Discover everything you need to know about rabbits in our guide below.

Brown wild rabbit
Oryctolagus Cuniculus

What are Nuisance Rabbits?

To some people, rabbits may be cute, mostly harmless wildlife. To gardeners and landscapers, though, bunnies are a destructive, frustrating nuisance animal.

Today, there are 15 species of rabbits and hares in North America, but the most common nuisance varieties include the black-tailed hare (also known as the jackrabbit), the desert cottontail, and the brush rabbit. 

Rabbit Habitats, Diet, and Behavior

Jackrabbits live in open or semi-open valleys and foothills rather than dense brush or woodlands. They’re common in the areas surrounding urban and suburban developments and are known to damage golf courses, airports, parks, and farm fields.

Desert cottontail and brush rabbits tend to live in densely-covered, brushy areas and only venture a few feet from a shrub to feed. They like rocks and debris they can hide under and may burrow under raised sheds or other manufactured structures. 

All bunnies prefer green vegetation, with grass and plants making up the bulk of their diet. In certain habitats, rabbits will eat leaves, seeds, or bark. Because their food contains such a high moisture content, some rabbits can survive without a reliable source of drinking water.

Breeding season for rabbits begins in December and runs through late summer. Litters average 2-4 young, with 5-6 young possible in rare cases.

Two wild rabbits on a green field
Wild rabbit eating grass

What Damage Do Rabbits Cause?

Despite their small size, rabbits can severely damage gardens and landscaped areas. This is especially true anywhere wild, unmaintained land borders residential areas, since wild lands provide unaltered habitats for rabbits to breed, rest, and hide. 

Left to their own devices, rabbits will eat a wide variety of crops and plants, including vegetables like broccoli, carrots, peas, and lettuce. They’ll also consume berries and fruit from trees, including apples, cherries, citrus fruits, and plums, as well as herbs and ornamental plants, including flowers, trees, shrubs, and turf.

As they feed, rabbits may gnaw plastic irrigation lines. If saplings are present, rabbits will eat the bark from around the trunk of the trees, eventually girdling or removing the inner and outer bark from the tree.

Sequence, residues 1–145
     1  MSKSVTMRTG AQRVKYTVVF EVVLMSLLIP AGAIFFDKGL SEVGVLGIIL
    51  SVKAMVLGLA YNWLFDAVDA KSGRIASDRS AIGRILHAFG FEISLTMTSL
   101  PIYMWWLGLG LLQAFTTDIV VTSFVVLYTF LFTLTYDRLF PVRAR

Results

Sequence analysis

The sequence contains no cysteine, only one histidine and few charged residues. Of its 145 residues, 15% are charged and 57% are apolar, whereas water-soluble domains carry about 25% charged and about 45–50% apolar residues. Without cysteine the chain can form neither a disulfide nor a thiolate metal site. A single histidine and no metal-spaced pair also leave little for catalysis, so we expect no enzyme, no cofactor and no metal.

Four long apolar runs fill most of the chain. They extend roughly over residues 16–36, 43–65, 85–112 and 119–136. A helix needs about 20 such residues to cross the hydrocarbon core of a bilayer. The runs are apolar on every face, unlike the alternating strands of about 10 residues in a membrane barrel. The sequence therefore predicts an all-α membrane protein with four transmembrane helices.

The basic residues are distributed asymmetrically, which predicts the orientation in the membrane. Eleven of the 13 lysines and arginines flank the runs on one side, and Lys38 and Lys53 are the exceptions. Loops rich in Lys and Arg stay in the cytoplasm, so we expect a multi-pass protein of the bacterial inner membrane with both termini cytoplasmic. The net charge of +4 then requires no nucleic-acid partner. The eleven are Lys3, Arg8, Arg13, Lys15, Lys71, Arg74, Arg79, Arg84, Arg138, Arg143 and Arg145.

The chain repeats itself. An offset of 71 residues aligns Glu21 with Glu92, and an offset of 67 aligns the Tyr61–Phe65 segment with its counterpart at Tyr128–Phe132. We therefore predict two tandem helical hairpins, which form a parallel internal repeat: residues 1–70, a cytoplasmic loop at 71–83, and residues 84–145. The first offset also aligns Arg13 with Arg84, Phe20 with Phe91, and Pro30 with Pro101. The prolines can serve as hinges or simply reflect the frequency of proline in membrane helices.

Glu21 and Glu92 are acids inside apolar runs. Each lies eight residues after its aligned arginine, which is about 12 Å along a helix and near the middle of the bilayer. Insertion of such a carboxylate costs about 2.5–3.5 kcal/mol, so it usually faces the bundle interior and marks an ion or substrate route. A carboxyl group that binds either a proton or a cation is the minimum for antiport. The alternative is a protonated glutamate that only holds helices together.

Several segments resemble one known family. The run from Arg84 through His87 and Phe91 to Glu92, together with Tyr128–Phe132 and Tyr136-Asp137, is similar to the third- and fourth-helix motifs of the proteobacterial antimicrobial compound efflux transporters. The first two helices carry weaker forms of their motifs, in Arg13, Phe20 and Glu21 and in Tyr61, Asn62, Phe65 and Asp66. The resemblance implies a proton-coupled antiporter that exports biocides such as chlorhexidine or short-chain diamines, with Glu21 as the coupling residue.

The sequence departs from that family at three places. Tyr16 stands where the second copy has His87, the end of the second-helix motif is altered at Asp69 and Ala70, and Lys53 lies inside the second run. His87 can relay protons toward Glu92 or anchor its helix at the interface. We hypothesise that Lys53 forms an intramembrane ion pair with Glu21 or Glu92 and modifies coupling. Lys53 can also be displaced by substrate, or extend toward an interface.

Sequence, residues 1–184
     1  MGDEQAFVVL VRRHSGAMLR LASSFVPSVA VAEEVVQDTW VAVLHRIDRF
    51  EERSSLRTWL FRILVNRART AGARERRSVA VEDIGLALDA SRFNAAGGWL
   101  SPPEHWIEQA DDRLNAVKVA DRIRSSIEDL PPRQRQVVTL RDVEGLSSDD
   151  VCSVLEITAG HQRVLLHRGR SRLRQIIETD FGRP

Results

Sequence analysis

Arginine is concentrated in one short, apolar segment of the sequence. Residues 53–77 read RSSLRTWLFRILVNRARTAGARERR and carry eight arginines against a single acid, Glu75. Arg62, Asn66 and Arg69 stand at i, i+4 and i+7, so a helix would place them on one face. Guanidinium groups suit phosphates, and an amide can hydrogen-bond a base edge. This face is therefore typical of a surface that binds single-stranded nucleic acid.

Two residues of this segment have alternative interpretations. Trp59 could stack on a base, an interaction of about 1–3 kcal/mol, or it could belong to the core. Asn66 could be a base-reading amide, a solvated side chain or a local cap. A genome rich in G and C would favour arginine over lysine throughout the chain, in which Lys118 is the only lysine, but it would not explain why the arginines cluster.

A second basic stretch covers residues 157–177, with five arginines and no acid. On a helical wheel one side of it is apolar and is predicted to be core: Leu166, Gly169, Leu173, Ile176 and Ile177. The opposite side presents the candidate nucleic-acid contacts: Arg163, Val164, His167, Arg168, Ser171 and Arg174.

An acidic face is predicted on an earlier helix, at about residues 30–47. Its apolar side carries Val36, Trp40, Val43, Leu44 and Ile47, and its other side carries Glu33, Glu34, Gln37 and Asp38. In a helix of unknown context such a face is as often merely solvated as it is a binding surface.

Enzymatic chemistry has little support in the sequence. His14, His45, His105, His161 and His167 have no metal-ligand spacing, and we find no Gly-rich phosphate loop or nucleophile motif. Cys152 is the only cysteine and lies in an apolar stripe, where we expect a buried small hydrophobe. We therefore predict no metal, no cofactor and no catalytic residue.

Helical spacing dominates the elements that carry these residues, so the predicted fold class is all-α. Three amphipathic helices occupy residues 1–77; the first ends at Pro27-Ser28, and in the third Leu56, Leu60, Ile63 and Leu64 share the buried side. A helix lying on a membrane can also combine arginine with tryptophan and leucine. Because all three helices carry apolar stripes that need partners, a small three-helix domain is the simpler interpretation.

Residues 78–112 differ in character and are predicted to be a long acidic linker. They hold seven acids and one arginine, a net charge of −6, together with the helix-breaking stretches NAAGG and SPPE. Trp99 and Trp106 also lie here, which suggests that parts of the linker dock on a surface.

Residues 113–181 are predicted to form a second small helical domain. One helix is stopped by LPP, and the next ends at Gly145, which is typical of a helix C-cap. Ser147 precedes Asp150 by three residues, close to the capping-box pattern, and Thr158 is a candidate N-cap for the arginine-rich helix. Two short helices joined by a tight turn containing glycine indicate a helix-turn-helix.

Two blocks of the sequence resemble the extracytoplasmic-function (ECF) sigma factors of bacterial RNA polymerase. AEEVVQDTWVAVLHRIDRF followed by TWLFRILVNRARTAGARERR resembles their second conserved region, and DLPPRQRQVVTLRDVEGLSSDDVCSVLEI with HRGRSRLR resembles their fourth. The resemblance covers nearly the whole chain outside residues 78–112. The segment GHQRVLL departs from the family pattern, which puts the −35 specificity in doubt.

How to Get Rid of Rabbits

We recommend using repellents like blood meal and installing rabbit-proof fences around gardens and landscaping. Habitat modification is also essential – since rabbits love the dense brush, trimming your landscaping will make your yard less attractive. 

To protect plants, create a barrier using chicken wire and live traps. If you have a jackrabbit problem, there are also jackrabbit baits on the market, but they’re highly restricted and present various risks.

For a more extensive breakdown of your options, check out our complete guide on the topic. 

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There is no federal law restriction on rabbit control, and each state differs in its regulations.

This means that, if the bunnies are destroying landscaping, crops, gardens, or ornamental plants, you do not need a license to hunt, capture, shoot, or kill rabbits as long as you’re not selling their pelts or meat for profit.

Even if killing rabbits on your property is legal, we always advocate for humane removal methods that don’t kill or harm the rabbits.

Rabbits can carry diseases like pasteurellosis, ringworm, mycobacteriosis, cryptosporidiosis, external parasites, and tularemia, also known as rabbit fever. 

Rabbits can start breeding at about 5-6 months old and continue bearing young for four years. A rabbit’s gestation period is 28-31 days, and litters can contain between 1-12 young. Female bunnies can become pregnant again within just a few days of giving birth. 

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